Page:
Researchers have discovered evidence that some stars have very powerful surface magnetic fields, which calls into question popular theories about how stars evolve.
Surface magnetism in stars like the sun is connected to stellar spin in a manner akin to that of a hand-cranked flashlight. In the center of magnetic sunspot regions, strong magnetic fields are visible, which leads to several space weather phenomena.
Low-mass stars, which are celestial bodies that have a mass less than that of the sun and can rotate either very quickly or relatively slowly, were formerly believed to have very low levels of magnetic activity, which made them the perfect host stars for possibly habitable planets.
In a new study, which was published in The Astrophysical Journal Letters, researchers from The Ohio State University contend that a novel internal mechanism known as core-envelope decoupling, which occurs when a star’s surface and core initially spin at the same rate before drifting apart, could be in charge of enhancing magnetic fields on cool stars.
This process could intensify their radiation for billions of years and have an effect on the habitability of their nearby exoplanets.
Lyra Cao, the study’s lead author and an astronomy graduate student at Ohio State, and Marc Pinsonneault, the study’s co-author and an astronomy professor at Ohio State, created a method earlier this year to measure and characterize star spots and magnetic fields.
Although low-mass stars are the most prevalent stars in the Milky Way and frequently host exoplanets, Cao noted that relatively little is known about them.
For many years, it was believed that lower-mass stars’ physical processes were similar to those of solar-type stars.
Astronomers can employ stellar spins as a tool to comprehend the nature of a star’s physical processes, as well as how they interact with their companions and their environment, since as stars spin down, they gradually lose angular momentum. The star rotation clock does appear to pause occasionally, though, according to Cao.
The scientists discovered that the magnetic fields of the low-mass stars in the vicinity seemed far greater than existing theories could account for by studying a sample of 136 stars in M44, a star crib also known as Praesepe or the Beehive cluster.
One of Cao’s team’s most interesting discoveries was learning that these stars' magnetic fields may be just as unique—significantly greater than expected by existing models. A previous study has already shown that the Beehive cluster is home to several stars that defy conventional ideas of rotational development.
To see a link between the magnetic enhancement and rotational anomalies was incredibly exciting. It indicates that there might be some interesting physics at play here.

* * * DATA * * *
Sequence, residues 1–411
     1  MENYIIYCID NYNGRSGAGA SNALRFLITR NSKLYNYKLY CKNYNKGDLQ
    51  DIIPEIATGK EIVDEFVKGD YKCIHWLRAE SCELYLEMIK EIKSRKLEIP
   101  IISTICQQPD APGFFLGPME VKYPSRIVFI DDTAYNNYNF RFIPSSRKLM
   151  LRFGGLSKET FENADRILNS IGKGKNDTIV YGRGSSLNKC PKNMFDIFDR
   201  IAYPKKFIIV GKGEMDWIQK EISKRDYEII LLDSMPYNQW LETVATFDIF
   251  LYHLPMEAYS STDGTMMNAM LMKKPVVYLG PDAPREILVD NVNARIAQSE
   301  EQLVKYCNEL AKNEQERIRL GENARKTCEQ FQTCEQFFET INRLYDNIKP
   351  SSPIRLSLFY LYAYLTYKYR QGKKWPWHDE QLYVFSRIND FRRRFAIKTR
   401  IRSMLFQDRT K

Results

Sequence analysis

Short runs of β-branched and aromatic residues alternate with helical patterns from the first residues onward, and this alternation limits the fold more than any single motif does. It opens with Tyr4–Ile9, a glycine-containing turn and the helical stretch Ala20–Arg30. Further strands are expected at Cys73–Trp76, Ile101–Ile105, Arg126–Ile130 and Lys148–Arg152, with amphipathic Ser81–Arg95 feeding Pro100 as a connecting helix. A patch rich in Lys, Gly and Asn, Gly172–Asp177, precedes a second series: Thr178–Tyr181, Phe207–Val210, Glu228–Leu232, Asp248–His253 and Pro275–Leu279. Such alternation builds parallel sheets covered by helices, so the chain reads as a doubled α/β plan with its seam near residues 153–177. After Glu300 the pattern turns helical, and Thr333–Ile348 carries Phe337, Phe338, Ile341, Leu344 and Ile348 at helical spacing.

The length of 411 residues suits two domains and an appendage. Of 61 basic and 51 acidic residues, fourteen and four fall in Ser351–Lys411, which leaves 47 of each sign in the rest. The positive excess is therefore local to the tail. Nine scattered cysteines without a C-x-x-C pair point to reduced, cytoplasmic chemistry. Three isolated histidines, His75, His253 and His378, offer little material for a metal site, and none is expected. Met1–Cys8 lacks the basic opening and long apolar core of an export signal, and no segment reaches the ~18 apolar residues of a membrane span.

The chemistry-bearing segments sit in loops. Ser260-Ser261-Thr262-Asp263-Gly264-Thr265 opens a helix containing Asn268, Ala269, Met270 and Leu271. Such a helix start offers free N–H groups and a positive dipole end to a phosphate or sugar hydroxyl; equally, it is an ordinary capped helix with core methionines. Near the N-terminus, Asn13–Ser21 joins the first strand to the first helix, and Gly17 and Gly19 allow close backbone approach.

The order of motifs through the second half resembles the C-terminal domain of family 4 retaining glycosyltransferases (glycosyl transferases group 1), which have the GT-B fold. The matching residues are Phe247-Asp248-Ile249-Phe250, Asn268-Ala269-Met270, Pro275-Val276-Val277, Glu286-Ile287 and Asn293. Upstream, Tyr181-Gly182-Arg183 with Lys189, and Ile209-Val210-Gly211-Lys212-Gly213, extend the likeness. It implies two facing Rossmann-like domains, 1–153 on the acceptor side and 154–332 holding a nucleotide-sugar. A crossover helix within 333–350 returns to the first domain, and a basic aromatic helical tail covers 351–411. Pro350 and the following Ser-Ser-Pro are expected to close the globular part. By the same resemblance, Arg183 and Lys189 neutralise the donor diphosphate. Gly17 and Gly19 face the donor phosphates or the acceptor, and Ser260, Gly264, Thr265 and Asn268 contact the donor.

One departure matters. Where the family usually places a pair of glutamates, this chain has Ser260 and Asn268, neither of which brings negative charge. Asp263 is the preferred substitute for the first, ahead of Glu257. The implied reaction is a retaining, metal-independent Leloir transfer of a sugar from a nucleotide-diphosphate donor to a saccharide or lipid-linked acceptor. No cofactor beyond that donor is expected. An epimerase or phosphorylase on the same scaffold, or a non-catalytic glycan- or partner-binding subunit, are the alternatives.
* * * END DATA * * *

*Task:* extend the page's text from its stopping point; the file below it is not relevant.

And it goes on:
Lyra Cao, Study Lead Author and Graduate Student, The Ohio State University
The scientists also proposed that the synchronization of a star’s core and envelope would result in a magnetism present in these stars that would have a fundamentally distinct origin from that of the sun.
“We are finding evidence that there is a different kind of dynamo mechanism driving the magnetism of these stars. This work shows that stellar physics can have surprising implications for other fields,” Cao further added.
The research concludes that these results have significant ramifications for the understanding of astrophysics, particularly in the search for extraterrestrial life.
Cao stated, “Stars experiencing this enhanced magnetism are likely going to be battering their planets with high-energy radiation. This effect is predicted to last for billions of years on some stars, so it’s important to understand what it might do to our ideas of habitability.”
However, these results should not discourage anyone from looking for life outside the solar system. The team’s discovery could provide more light on where to explore planetary systems that can support life with more study.
However, Cao thinks that the findings made by her team might improve star evolution simulations and theoretical models here on Earth.
Cao concluded, “The next thing to do is verify that enhanced magnetism happens on a much larger scale. If we can understand what is going on in the interiors of these stars as they experience shear-enhanced magnetism, it is going to lead the science in a new direction.”
The National Science Foundation, the US Department of Energy Office of Science, and The Alfred P. Sloan Foundation provided funding for the study. Co-authoring with them was Jennifer van Saders from the University of Hawaii.
Cao, L., et al. (2023) Core-envelope Decoupling Drives Radial Shear Dynamos in Cool Stars. The Astrophysical Journal Letters. doi:10.3847/2041-8213/acd780.